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doorframe

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Hi all.

Is it possible to have surveillance cameras connected to a PC and be able to watch and switch between them on another PC on the same network?

Swmbo has 2 aviaries at the end of the garden, next to my workshop. I have a networked PC in the workshop, purely for internet radio and multi speakers. She wants to be able to see her birds through the coming breeding season. I've tried wireless cameras in the past but the distance and the brick walls was a problem. Hard wiring back to Swmbo's 'den' is a no-no, so I wondered if it was possible to use the existing network.

The cheapest 'thought' in my head was simply 4 usb webcams from the workshop PC. Is that possible?

Thanks,

Roy
 

MickCheese

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My wife has a birdbox camera linked to her computer via the USB port. Once the feed is on the network then it is the software that would allow you to view it on other computers. I do know there are some programs that allow viewing over the internet so on another computer on the network should be simple.

Mick
 

doorframe

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Hi Chaps, cheers.

I think my biggest problem is that I'm blown away by all the jargon. My son is the computer bod but he's busy with Uni so I don't want to get him involved.

I've been looking at this....

http://www.maplin.co.uk/500gb-4-cha...ork-dvr--4x-ccd-cameras-and-iphone-app-477048

...and I thought it connected directly to a PC, but it looks like it uses it's own dedicated monitor, which is no good at the end of the garden!! But, it's got ethernet connectivity, so easy to connect to our network. The network route to get to SWMBO's PC would be through 2 Network switches and then through the router's hub. If I'm reading it correctly she can control and view from her PC. Wonder how much quality might be lost en-route.

Maybe not the cheapest solution but maybe the easiest. Anyone got something similar?

Roy
 

nev

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I would guess the simplest solution is a simple webcam with a long usb cable to the workshop pc.
or you could look at an IP camera. which is effectively a webcam with its own website, so you can view on any pc anywhere in the world. Maplin have one http://www.maplin.co.uk/pan-tilt-wirele ... era-508703
you will probably need a network cable and power from your workshop. lots of info on the maplin page.
 

Dibs-h

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Roy

What you want is a pair of the lower end IP cameras,

http://www.google.co.uk/webhp?hl=en#q=i ... 80&bih=939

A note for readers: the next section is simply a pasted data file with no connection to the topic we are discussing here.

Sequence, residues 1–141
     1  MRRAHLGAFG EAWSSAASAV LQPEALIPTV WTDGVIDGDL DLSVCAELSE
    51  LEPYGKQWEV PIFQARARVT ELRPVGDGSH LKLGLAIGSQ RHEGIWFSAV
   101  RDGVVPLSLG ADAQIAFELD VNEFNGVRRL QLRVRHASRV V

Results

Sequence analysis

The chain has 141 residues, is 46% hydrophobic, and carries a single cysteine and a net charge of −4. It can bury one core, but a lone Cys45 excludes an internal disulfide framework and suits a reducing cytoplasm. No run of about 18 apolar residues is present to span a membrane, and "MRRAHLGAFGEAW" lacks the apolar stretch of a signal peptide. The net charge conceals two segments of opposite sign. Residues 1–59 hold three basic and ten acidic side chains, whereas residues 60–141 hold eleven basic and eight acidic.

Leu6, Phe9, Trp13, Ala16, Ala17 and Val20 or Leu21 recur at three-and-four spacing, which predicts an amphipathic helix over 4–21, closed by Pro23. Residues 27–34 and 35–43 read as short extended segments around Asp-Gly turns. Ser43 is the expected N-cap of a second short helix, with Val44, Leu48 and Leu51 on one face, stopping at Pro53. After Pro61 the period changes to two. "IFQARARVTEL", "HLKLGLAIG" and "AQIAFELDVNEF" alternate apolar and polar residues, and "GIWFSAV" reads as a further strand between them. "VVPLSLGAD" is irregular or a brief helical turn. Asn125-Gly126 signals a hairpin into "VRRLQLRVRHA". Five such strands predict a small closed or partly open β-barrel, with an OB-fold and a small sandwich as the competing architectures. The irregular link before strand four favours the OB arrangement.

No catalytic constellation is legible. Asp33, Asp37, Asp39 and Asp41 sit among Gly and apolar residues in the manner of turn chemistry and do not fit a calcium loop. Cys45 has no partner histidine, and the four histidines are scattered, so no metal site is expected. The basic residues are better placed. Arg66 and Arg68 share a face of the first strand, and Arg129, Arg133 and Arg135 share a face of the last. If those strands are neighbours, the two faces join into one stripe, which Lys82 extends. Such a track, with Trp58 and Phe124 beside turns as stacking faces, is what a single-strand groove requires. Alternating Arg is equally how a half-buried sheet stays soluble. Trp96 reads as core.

gives you an idea. You need a Wireless repeater to repeat the signal from the house to the shed and then hardwire the IP cameras to the repeater\switch.

Assuming you did the port forwards correctly you could view the cameras from anywhere in the world, with a web browser & possibly a smartphone. If you only wanted to view from PC's in the house - ignore this last sentence.

Stay away from the DVR that you linked to. They are aimed at CCTV specifically & that one is rubbish as are the cameras that come with it.

Panasonic do good budget stuff - http://www.isec-solutions.co.uk/P/Panas ... -Camera(59).htm sort of thing.

HIH

Dibs
 

doorframe

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Thanks for all the info and links chaps. I do like the idea of pan & tilt.

I'm guessing that I can add as many of those IP cameras as I like, as long as my network can cope.

Roy
 

monkeybiter

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Obviously the number of wired network cameras would be limited by the number of available ports you have available. If you have a WiFi router and camera you could probably connect up to a theoretical 255 devices [including any computers or phones etc]
 

Hudson Carpentry

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You don't have to have them connected to your PC. I have a dedicated HDD purpose CCTV recorder which connects to the network. I can access the cameras on any PC without having to leave a PC on and use that PC's resources, I even had them on my windows phone. There connected to a TV as well. If I turn the feature on I can also watch the CCTV from any computer connected to the internet. Im not a bird watcher though there for security only, although watching the dog chase a cat around the garden one night was funny, as its infra red all you saw was eyes flying around the garden.
 

doorframe

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Well, this is what I'm trying..


It's a £40 cheapie from Amazon. Same looking as paul-c camera above. Got pan and tilt and IR. From the reviews it's a Foscam clone, but the reviews are better than the actual Foscams :? There's loads to choose from so went for the cheapest. We'll start with just 1 and take it from there.

I'll add a wireless access point to the network point in my workshop and if this camera works I'll add as many more as I need or want.

Cheers,

Roy
 

paul-c

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hi roy
hope all goes well
i wouldn't mind betting all these cameras are made by the same company and just badged and sold by different companys.
i found it best to assign a static ip address for my camera - hope this helps
best of luck
cheers
paul-c
 

doorframe

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Cheers Paul.